An audio version of this story, as heard on “A Closer Look.”
The main purpose of the Affordable Care Act is to provide affordable health insurance to those who might not otherwise be able to afford it.
But getting a health policy is just the start.
For many, high deductibles and co-pays that come with the most popular plans still leave medical care out of reach.
That’s what happened to Renee Mitchell, 63, of Stone Mountain. She previously put off a medical procedure because of cost. But with the threat of losing part of her vision a real possibility, she came to Emory to see a specialist.
Mitchell just learned she’ll need a third eye surgery.
While that’s scary, it’s not as worrisome as “further co-pays [and] more out-of-pocket expenses,” Mitchell says.
Mitchell notes she’s pleased with her insurance – a silver-level plan she purchased through the insurance marketplace – but she says she struggles to keep up with her part of the bills.
“If not for having availability on my credit card, we’d probably be in the poor house,” she says.
Mitchell notes she owes upward of $20,000. Each month, interest accrues. If she undergoes that third eye surgery, she’ll face a $4,000 deductible.
“It’s a very big burden,” Mitchell says.
A study released Thursday by Families USA shows a lot of folks with coverage like Mitchell’s feel a similar burden.
“Consumers are still struggling with unaffordable, out-of-pocket costs,” says Lydia Mitts, a Senior Policy Analyst with Families USA. The non-profit’s new study shows many who buy their own insurance avoid seeking medical treatment because of cost.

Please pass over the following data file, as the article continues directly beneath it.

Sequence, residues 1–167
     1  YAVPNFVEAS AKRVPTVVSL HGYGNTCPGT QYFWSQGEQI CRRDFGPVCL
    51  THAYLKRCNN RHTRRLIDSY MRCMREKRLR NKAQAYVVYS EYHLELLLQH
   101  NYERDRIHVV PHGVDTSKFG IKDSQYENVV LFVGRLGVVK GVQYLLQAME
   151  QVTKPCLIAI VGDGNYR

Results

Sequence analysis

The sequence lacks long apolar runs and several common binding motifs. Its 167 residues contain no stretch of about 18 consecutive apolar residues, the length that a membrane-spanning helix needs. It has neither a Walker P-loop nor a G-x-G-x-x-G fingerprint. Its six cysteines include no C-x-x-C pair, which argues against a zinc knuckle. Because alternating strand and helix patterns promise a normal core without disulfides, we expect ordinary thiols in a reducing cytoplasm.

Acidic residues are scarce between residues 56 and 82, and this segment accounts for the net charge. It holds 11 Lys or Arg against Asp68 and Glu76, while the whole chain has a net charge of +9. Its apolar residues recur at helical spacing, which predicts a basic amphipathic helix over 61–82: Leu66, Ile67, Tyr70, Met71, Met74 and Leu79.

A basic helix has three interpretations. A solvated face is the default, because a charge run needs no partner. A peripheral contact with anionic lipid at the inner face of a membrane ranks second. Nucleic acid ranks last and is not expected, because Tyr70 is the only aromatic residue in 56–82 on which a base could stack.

“One in four adults who were fully insured for the whole year still reported they went without some needed medical care because they couldn’t afford it,” says Mitts.
Mitts says the majority of people who buy insurance on state or federal exchanges pick silver-level plans, which often carry a lower premium with a high deductible – $1,500 or more.
Many in that situation skip follow-up care and don’t fill prescriptions, which Mitts says only adds to long-term complications and costs.
But Mitts says it doesn’t have to be that way.
She points to Pennsylvania, Texas, Florida and Arizona, all of which have done away with deductibles on some silver-level insurance plans – which is the most common type of plan.
Some other states – not including Georgia – require only a small co-pay for basic services.
While co-pays, deductibles and co-insurance weigh heavy on Renee Mitchell’s mind, they’re not her only insurance concern. She says her monthly premium is getting more expensive due to her age. This year, she says, it jumped about $100 a month.
Mitchell wants to be clear though: she’s not looking for a handout.
“I feel like people seem to think that we just want something for nothing,” she says, tears in her eyes. “I worked a lot of years. I took an early retirement to take care of my family. It’s not my fault, so to speak, that I’m here.”